Change search
ReferencesLink to record
Permanent link

Direct link
Complexity in Non-Pharmacological Caregiving Activities at the End of Life: An International Qualitative Study
Umeå University, Faculty of Medicine, Department of Nursing.
Show others and affiliations
2012 (English)In: PLoS Medicine, ISSN 1549-1277, E-ISSN 1549-1676, Vol. 9, no 2, e1001173- p.Article in journal (Refereed) Published
Abstract [en]

Background: In late-stage palliative cancer care, relief of distress and optimized well-being become primary treatment goals. Great strides have been made in improving and researching pharmacological treatments for symptom relief; however, little systematic knowledge exists about the range of non-pharmacological caregiving activities (NPCAs) staff use in the last days of a patient's life. Methods and Findings: Within a European Commission Seventh Framework Programme project to optimize research and clinical care in the last days of life for patients with cancer, OPCARE9, we used a free-listing technique to identify the variety of NPCAs performed in the last days of life. Palliative care staff at 16 units in nine countries listed in detail NPCAs they performed over several weeks. In total, 914 statements were analyzed in relation to (a) the character of the statement and (b) the recipient of the NPCA. A substantial portion of NPCAs addressed bodily care and contact with patients and family members, with refraining from bodily care also described as a purposeful caregiving activity. Several forms for communication were described; information and advice was at one end of a continuum, and communicating through nonverbal presence and bodily contact at the other. Rituals surrounding death and dying included not only spiritual/religious issues, but also more subtle existential, legal, and professional rituals. An unexpected and hitherto under-researched area of focus was on creating an aesthetic, safe, and pleasing environment, both at home and in institutional care settings. Conclusions: Based on these data, we argue that palliative care in the last days of life is multifaceted, with physical, psychological, social, spiritual, and existential care interwoven in caregiving activities. Providing for fundamental human needs close to death appears complex and sophisticated; it is necessary to better distinguish nuances in such caregiving to acknowledge, respect, and further develop end-of-life care.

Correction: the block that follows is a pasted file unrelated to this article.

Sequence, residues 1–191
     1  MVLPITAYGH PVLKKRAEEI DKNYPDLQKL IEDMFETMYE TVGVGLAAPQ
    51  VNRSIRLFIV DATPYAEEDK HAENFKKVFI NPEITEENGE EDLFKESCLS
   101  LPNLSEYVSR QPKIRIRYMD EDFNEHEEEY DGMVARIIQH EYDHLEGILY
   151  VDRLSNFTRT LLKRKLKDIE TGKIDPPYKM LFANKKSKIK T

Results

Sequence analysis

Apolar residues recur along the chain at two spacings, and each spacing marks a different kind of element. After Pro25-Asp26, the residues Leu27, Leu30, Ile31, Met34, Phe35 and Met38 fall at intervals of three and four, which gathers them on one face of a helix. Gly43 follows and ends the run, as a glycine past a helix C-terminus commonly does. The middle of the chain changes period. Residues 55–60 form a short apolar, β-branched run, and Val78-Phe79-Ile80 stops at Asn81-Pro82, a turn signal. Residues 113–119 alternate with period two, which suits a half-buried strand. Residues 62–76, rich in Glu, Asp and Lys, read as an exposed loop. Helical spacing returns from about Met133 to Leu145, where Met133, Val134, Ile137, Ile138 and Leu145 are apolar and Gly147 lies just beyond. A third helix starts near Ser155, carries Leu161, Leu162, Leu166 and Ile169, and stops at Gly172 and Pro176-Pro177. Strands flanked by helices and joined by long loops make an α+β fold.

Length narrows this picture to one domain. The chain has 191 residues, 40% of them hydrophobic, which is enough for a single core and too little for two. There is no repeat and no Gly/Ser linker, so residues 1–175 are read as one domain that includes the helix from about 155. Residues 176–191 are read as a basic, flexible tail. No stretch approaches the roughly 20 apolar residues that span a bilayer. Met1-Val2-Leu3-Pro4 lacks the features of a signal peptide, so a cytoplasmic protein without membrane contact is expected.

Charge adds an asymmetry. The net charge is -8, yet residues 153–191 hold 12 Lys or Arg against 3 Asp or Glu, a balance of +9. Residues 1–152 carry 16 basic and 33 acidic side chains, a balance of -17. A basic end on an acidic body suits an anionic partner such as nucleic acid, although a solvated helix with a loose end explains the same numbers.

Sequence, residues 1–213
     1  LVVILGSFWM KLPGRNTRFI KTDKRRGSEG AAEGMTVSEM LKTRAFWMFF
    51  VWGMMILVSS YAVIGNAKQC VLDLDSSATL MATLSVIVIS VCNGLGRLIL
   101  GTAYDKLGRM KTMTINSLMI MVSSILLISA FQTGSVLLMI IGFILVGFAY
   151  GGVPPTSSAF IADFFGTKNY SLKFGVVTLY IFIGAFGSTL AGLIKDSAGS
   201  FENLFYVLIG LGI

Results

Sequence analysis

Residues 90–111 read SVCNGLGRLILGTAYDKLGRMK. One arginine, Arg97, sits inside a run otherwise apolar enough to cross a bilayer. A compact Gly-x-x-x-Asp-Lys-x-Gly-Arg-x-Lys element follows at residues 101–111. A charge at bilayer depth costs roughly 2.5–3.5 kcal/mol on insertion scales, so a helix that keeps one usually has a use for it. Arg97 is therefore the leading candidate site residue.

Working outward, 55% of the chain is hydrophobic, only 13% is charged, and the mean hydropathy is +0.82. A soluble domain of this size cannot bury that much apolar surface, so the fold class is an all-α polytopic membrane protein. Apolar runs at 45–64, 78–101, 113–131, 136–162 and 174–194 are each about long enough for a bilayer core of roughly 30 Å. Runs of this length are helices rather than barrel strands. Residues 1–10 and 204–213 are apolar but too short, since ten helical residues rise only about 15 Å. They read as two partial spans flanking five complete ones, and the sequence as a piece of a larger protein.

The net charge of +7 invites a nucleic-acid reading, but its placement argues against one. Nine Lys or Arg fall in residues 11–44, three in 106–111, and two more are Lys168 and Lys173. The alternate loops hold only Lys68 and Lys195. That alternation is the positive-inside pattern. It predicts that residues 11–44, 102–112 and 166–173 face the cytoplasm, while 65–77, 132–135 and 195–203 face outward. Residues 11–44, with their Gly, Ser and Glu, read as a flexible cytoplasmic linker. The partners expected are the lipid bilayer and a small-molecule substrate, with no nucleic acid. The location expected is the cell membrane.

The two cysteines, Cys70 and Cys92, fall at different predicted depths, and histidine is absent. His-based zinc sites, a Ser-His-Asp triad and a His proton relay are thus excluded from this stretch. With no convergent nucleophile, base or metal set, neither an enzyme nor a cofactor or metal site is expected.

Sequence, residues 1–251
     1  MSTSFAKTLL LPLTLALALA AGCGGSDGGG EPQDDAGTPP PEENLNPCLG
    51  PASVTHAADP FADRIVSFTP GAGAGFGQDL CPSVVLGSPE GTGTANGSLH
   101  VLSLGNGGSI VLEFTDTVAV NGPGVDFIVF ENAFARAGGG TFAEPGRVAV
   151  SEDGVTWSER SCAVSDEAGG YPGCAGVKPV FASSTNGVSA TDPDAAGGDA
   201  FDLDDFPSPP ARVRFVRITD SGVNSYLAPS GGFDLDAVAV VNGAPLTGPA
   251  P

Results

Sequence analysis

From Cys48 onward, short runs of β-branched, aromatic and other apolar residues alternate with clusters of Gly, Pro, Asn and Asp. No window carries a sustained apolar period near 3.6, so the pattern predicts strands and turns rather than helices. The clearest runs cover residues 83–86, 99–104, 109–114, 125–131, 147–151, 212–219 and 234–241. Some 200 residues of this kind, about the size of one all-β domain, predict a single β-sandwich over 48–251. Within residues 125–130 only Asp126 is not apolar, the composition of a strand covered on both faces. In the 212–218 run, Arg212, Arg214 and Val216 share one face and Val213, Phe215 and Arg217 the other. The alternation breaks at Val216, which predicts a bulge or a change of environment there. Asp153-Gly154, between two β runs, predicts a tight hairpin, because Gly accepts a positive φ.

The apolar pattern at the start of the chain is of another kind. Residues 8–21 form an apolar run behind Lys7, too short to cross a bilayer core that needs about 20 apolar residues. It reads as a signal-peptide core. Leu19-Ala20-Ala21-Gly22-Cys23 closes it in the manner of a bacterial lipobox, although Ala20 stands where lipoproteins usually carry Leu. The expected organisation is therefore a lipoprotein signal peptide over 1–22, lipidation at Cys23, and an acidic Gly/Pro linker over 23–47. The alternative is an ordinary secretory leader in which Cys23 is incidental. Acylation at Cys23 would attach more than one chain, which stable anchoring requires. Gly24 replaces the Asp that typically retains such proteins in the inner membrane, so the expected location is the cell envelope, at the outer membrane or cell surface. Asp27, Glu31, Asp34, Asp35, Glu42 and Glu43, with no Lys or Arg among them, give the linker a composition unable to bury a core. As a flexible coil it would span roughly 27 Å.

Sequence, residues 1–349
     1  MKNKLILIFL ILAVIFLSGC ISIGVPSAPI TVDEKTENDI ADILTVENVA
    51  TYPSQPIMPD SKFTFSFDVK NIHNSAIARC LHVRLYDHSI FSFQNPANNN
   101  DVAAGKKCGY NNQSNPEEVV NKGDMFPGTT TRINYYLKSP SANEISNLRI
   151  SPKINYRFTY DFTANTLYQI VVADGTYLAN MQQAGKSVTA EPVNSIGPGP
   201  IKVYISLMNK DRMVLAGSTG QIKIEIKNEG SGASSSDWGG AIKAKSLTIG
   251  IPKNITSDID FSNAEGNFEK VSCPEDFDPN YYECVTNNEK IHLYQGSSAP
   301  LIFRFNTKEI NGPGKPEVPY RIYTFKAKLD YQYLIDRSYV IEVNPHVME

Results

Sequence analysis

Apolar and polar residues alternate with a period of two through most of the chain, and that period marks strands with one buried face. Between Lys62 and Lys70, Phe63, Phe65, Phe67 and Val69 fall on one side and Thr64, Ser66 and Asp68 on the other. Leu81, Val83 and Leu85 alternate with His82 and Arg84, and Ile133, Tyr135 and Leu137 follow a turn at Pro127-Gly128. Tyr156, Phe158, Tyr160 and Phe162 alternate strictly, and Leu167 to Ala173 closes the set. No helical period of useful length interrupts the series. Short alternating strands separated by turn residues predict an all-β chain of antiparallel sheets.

Place, publisher, year, edition, pages
San Francisco: Public Library of Science , 2012. Vol. 9, no 2, e1001173- p.
National Category
Medical and Health Sciences
URN: urn:nbn:se:umu:diva-54141DOI: 10.1371/journal.pmed.1001173ISI: 000301222600006OAI: diva2:516917
Available from: 2012-04-20 Created: 2012-04-17 Last updated: 2012-08-09Bibliographically approved

Open Access in DiVA

fulltext(449 kB)254 downloads
File information
File name FULLTEXT02.pdfFile size 449 kBChecksum SHA-512
Type fulltextMimetype application/pdf

Other links

Publisher's full text

Search in DiVA

By author/editor
Lindqvist, OlavLundquist, GunillaHolritz Rasmussen, Birgit
By organisation
Department of NursingOncology
In the same journal
PLoS Medicine
Medical and Health Sciences

Search outside of DiVA

GoogleGoogle Scholar
Total: 254 downloads
The number of downloads is the sum of all downloads of full texts. It may include eg previous versions that are now no longer available

Altmetric score

Total: 182 hits
ReferencesLink to record
Permanent link

Direct link